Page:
Community colleges could serve as an important model in building the educational infrastructure to support these emerging economies. Community colleges serve as a gateway to economic and social prosperity and provide a return on investment for both the students and the communities in which they live. By design, community colleges are extensions of the communities they serve, including a close partnership to their local economies and businesses. The best community colleges are economic development engines in their communities and drive business development and entrepreneurship by providing a flexible, entrepreneurial, and highly trained workforce. Organizations such as the League of Innovation, American Association of Community Colleges, Global Corporate College, and individual community colleges have experience establishing international programs focused on workforce development and customized training.

Community colleges are well positioned and have the expertise to work collaboratively with willing partners in the Maghreb region. Such collaborations could benefit not just the region but also our faculty and students as well through exchanges and other partnerships. I am fortunate to work for a College with a Board of Trustees that values the importance of international education and recognizes that these types of partnerships are mutually beneficial and provide a "Win-Win" opportunity for both parties. We look forward to continuing our partnership with the Aspen Institute's PNB-NAPEO program and to building new relationships with our colleagues in North Africa.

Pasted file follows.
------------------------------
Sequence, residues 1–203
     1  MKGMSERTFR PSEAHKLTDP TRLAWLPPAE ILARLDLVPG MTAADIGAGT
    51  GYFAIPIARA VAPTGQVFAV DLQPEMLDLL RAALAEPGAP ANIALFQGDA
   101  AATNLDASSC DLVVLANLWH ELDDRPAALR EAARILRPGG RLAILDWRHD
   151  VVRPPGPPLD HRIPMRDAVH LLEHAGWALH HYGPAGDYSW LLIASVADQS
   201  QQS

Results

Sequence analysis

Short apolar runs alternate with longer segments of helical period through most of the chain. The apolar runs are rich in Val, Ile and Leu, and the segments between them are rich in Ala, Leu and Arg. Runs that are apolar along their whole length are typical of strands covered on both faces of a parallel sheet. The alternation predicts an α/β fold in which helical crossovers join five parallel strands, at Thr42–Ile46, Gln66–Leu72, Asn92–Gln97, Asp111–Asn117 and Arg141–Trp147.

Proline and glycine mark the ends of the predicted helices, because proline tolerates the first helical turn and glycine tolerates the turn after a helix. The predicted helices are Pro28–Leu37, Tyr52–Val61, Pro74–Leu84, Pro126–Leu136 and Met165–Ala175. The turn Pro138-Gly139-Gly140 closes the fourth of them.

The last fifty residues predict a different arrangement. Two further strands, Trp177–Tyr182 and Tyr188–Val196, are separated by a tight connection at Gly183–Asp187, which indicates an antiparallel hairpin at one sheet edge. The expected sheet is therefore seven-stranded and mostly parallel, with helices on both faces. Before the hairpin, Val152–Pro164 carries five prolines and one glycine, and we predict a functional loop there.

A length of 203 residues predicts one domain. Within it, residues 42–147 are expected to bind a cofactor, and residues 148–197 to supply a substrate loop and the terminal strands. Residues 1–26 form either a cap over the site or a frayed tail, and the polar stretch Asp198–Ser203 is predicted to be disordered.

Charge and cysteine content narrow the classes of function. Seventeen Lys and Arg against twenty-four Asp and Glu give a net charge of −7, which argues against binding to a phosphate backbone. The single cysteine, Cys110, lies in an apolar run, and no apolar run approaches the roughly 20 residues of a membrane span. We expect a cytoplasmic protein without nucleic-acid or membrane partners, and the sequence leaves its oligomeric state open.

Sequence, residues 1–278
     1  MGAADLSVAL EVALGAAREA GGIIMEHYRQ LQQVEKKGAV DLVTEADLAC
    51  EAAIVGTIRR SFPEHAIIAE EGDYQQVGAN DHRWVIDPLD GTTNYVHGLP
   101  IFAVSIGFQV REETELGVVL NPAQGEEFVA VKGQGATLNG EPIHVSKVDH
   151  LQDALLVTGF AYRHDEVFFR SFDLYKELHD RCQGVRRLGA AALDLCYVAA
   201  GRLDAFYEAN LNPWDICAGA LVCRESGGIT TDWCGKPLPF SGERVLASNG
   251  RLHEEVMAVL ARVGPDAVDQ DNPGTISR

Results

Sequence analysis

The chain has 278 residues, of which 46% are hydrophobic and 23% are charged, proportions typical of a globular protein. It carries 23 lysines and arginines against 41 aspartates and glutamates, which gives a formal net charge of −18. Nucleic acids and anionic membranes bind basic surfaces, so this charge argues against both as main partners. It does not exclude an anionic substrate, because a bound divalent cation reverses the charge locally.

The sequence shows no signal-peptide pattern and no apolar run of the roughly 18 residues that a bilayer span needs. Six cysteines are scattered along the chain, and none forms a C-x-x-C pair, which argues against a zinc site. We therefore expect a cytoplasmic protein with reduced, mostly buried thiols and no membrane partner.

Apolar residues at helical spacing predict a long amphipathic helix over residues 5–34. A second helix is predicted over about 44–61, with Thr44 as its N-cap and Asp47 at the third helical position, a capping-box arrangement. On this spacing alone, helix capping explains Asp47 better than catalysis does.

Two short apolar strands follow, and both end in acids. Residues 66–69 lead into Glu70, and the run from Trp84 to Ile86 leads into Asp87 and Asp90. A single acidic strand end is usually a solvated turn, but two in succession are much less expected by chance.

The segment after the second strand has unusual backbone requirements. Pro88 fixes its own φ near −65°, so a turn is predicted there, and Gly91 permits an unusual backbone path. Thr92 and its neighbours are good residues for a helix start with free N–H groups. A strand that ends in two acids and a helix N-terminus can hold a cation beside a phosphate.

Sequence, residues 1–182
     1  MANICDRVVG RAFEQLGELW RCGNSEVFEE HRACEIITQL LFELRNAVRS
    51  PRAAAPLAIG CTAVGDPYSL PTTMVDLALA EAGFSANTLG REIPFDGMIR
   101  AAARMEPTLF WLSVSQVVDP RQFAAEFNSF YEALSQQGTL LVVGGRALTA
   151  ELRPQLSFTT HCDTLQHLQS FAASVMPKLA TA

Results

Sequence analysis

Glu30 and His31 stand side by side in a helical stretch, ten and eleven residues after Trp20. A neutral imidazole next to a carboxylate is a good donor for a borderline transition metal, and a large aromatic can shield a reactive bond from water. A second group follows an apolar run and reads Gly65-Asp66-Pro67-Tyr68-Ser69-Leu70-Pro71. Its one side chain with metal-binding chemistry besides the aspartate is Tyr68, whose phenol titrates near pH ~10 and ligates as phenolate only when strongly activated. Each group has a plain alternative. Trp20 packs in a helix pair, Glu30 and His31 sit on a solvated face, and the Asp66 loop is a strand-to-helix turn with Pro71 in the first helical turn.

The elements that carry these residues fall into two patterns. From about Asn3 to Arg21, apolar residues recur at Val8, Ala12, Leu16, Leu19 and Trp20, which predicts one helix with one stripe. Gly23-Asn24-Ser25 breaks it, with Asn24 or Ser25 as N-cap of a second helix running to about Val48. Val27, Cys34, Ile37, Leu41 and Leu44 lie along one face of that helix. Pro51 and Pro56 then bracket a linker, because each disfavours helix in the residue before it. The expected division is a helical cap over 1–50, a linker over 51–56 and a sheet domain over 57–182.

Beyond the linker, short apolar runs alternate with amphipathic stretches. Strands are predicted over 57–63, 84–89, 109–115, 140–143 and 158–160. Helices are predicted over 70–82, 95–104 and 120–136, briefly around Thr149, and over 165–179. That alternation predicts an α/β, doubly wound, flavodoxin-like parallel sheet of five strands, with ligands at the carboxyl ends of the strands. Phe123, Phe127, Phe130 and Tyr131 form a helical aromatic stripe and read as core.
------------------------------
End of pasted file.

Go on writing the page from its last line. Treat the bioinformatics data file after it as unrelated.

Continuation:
Dr. Rich Haney serves as the Vice President for Educational Affairs at the College of Lake County located in Grayslake, Illinois. The College of Lake County is a comprehensive community college serving students at three campuses. Dr. Haney is the Chief Academic Officer and provides leadership for all academic and student development programming at the College including adult education and workforce development. Dr. Haney serves as the Chair of the Board for Global Corporate College, an organization consisting of over 40 community colleges engaged in providing national and international customized training solutions for global companies. He received both his master's and doctorate degrees from the University of Illinois in Urbana-Champaign.